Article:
“I plan to live forever, of course, but barring that I’d settle for a couple thousand years. Even five hundred would be pretty nice.”
— CEO Nwabudike Morgan, MorganLink 3DVision Interview
The Longevity Vaccine, logically based on the Bio-Engineering technology, seems to do what it claims on the label: it enables clinical immortality. At the very least, it cheaply extends the lifespan of large numbers of people so that they can plausibly expect to survive to the end of the game. This contrasts with the presumably-expensive longevity treatments we’ve already seen the faction leaders have access to for their personal use.
From the game mechanics perspective, the really interesting thing about this project is that it is one of the few whose effects depend upon the owning faction’s economic social model. If the faction is running a Green economy (or the default Simple one), it pacifies one drone per base. If the faction is running a Planned economy, this bonus is doubled. But if the faction is running a Free Market economy, it instead gives a massive multiplier to energy production at the base in which it is built, like how the Supercollider supercharges research in a single base.
To choose to make the effect dynamic is an inspired choice on Reynolds’s part. Consider for a moment what’s on the line here. This project represents the scientific conquest of death itself. Life, eternal life, is now available in a bottle. And the question before the player is this: what are you going to do with it? By now, the player should have the full array of economic choices available to his faction, so it really is a free choice.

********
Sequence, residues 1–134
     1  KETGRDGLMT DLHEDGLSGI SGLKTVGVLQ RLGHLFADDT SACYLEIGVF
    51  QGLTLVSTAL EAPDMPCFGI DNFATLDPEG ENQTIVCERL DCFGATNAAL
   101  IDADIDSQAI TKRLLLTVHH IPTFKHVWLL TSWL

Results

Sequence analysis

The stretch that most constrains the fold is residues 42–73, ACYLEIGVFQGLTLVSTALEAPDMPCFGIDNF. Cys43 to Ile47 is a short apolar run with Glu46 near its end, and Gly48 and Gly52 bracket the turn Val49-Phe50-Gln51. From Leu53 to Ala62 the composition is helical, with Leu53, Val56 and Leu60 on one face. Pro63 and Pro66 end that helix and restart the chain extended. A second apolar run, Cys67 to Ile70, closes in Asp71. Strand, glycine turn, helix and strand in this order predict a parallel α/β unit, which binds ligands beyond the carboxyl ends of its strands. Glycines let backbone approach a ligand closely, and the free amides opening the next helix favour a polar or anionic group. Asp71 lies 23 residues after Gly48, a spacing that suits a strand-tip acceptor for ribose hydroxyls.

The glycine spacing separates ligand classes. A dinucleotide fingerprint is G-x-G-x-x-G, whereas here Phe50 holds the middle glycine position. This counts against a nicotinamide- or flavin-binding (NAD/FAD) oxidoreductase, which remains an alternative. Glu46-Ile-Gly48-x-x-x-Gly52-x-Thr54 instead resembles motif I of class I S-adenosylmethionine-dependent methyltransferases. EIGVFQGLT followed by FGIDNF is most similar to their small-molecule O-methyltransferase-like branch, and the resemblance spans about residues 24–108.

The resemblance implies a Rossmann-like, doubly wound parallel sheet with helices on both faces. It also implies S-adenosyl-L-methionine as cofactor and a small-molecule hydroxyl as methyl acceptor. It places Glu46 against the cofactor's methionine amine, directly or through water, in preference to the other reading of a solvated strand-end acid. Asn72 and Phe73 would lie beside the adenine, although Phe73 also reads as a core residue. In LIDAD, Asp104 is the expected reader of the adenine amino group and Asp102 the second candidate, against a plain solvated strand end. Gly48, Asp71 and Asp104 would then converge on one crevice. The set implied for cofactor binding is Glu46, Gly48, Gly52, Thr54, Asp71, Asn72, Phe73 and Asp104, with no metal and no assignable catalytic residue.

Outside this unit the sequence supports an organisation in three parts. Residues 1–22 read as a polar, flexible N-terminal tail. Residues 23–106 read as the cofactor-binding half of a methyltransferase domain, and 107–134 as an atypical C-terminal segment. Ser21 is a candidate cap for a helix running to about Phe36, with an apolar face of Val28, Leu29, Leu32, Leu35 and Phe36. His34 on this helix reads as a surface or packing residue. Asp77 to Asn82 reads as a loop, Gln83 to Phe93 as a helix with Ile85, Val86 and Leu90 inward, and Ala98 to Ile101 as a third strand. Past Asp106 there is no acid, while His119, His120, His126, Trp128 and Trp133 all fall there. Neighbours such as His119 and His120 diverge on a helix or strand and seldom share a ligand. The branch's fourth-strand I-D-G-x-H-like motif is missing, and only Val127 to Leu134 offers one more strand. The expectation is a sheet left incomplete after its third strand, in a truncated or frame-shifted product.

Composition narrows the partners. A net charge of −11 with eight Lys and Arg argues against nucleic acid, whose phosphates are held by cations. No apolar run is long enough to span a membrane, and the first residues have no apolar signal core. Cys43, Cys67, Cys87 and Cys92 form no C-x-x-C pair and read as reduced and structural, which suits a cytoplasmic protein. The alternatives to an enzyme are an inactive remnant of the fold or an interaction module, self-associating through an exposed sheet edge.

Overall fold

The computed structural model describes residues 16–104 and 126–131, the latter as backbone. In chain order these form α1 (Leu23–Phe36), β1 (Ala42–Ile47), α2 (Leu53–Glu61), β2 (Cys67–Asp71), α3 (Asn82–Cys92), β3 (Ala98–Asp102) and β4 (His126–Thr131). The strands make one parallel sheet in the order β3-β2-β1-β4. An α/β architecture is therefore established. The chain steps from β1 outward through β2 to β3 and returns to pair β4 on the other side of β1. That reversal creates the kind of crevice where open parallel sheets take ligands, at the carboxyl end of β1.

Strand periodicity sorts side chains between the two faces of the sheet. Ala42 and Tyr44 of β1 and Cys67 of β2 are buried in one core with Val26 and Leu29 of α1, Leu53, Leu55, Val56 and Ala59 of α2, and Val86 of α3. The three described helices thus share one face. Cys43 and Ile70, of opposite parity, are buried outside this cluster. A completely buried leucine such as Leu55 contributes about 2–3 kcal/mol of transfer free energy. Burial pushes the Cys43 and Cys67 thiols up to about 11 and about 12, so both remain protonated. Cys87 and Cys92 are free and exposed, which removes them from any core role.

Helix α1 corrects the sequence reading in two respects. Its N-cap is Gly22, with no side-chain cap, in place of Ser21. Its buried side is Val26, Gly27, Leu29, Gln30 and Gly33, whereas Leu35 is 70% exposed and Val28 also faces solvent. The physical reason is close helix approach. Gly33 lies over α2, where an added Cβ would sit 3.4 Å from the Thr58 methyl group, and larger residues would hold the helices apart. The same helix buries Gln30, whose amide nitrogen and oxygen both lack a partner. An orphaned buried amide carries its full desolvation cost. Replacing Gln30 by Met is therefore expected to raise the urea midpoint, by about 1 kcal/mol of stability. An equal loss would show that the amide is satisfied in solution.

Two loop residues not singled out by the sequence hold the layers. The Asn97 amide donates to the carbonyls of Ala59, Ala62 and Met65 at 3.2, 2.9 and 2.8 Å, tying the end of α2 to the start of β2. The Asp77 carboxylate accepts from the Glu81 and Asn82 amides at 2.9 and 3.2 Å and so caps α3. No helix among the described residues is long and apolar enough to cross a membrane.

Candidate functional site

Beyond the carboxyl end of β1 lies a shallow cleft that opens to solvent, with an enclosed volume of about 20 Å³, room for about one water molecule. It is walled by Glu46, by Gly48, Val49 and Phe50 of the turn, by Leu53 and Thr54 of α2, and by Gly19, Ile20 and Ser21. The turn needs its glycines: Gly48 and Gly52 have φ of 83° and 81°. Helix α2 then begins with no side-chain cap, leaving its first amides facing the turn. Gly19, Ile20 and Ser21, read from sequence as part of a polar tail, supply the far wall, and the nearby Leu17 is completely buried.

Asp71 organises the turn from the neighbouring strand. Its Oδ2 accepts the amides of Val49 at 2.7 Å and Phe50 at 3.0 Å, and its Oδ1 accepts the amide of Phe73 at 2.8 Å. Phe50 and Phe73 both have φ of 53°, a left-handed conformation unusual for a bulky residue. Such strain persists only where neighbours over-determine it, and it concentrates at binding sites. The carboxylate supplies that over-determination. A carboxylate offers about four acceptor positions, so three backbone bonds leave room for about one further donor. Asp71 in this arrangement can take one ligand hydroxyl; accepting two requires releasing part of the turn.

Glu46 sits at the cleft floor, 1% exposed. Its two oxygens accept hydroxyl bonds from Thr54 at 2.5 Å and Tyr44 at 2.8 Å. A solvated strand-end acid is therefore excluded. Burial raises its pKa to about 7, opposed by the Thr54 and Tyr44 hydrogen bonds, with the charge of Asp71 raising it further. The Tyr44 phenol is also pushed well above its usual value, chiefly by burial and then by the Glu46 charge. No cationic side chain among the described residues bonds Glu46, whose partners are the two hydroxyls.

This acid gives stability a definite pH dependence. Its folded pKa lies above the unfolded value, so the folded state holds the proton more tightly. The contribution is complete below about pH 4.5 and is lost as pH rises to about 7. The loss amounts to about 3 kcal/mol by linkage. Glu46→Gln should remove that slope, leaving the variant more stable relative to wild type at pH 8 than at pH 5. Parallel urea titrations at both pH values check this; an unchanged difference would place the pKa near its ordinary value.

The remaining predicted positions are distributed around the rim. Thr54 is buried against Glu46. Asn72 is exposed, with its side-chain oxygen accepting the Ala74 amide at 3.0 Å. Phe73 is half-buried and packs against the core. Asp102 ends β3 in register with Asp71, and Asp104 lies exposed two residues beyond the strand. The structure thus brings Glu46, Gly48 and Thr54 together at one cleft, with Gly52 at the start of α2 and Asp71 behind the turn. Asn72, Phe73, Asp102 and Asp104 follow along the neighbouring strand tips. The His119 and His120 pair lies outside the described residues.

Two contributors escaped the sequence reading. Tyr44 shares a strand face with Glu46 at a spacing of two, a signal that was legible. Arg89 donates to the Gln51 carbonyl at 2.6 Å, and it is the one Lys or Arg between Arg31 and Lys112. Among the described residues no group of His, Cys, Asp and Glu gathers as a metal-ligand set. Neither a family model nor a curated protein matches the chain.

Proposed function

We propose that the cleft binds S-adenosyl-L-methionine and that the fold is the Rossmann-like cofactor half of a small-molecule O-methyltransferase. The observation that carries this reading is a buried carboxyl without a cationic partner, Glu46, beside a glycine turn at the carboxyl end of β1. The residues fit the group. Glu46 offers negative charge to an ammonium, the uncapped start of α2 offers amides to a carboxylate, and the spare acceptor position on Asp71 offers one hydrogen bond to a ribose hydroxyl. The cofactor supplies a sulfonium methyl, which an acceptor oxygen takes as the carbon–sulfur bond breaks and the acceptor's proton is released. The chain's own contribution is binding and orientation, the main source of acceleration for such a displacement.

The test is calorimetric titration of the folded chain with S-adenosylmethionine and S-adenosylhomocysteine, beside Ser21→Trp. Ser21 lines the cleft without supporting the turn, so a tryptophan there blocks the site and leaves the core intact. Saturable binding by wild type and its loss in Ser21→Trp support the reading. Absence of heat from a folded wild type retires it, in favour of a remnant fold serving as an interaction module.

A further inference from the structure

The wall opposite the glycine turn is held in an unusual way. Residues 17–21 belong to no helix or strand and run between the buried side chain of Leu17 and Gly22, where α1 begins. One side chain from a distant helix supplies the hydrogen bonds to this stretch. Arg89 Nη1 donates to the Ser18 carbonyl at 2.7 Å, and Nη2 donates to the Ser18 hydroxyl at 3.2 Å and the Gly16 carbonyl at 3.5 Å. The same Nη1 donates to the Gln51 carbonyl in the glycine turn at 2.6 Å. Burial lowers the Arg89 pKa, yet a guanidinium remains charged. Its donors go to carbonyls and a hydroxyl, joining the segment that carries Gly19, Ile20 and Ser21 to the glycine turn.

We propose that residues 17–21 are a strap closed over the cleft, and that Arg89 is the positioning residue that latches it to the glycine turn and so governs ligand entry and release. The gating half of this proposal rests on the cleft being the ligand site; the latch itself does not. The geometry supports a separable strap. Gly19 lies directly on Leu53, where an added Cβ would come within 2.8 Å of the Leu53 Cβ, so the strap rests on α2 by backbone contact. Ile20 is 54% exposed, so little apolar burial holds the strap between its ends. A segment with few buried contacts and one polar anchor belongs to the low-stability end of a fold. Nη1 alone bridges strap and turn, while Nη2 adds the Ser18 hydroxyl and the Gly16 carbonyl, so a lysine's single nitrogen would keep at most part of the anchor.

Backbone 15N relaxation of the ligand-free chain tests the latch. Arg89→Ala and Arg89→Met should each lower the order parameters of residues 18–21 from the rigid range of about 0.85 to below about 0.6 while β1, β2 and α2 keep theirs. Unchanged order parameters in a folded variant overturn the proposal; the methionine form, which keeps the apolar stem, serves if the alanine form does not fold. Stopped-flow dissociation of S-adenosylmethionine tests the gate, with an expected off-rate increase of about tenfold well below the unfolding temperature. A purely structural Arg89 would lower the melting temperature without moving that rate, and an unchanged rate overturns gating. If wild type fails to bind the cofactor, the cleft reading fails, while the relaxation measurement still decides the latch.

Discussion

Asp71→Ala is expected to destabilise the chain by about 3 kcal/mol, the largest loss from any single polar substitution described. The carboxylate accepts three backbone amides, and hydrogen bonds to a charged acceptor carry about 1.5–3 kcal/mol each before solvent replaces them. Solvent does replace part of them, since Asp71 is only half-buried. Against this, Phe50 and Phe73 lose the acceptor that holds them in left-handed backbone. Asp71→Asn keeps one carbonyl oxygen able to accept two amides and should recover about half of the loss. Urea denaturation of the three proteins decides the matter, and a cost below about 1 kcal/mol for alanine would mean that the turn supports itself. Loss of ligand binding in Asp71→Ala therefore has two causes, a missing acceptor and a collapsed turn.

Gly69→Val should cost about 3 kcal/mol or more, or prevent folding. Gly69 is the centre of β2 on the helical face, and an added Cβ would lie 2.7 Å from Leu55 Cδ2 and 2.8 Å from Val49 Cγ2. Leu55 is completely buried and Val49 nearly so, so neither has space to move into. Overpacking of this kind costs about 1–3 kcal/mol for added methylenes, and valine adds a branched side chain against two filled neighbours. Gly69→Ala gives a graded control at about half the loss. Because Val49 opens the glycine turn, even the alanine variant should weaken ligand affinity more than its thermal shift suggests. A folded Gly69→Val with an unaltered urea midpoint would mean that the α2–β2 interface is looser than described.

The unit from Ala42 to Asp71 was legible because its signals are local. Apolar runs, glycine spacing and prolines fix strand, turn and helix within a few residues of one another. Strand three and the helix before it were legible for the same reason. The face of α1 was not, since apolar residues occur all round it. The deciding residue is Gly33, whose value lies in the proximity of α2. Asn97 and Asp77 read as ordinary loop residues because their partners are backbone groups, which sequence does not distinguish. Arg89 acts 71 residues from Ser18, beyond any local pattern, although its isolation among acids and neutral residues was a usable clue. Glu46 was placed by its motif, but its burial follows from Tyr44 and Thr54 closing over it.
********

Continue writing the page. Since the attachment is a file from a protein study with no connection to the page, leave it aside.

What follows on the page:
Only a little imagination is required to glean from the rules what the options really are. People invested in a centrally planned economy will seek to share this boon as widely and cheaply as possible, uplifting even the least among the faction’s citizenry. Those who prefer green economics will ration the gift of eternal life more carefully, fearing for the ecological effects of a sudden, catastrophic drop in the death rate. And free marketeers will force their citizens to earn it, only allowing the rich and productive to partake in exchange for their redoubled efforts.
As has been the theme throughout the game, these choices are all valid. Each one makes sense, in its own way. And as long as a faction can adopt the given economic model, the choice can be made to conform with that faction’s broader ideology. It’s a neat trick.
Using our current assumptions, we imply from the video that the Morganites were the ones to develop the vaccine. We can pretty safely conclude that he’s running a free market. So he’s almost assuredly turning his monopoly control over these cutting edge drugs into a huge cash cow. All and all, in character for the heartless mogul.
But, at the same time, we learn that CEO Morgan has a sense of humor and some real charisma. The video begins with a brief clip of one of his TV stations making fun of Brother Lal before transitioning into his quip about wanting to live forever, over some shots of him doing calisthenics in his suit. The whole thing’s ridiculous, but in a way that makes Morgan seem like a fun and compelling guy.
That’s impressive enough in and of itself. After all, the player gets to spend so little time with any of these characters outside of insulting them in the diplomacy screen. But now take a moment to step back and realize that Morgan is the guy who fills the ideological role of “Ayn Rand Superman” in SMAC.
In CEO Morgan, Reynolds has created a likable Objectivist hero! Even fans of Rand’s oeuvre would likely agree that the degree of difficulty here is something like 15/10. It’s almost a contradiction in terms. And Reynolds manages this titanic accomplishment effortlessly, just so that a bit of the background for the gameplay experience he’s focusing on will be just that little bit better.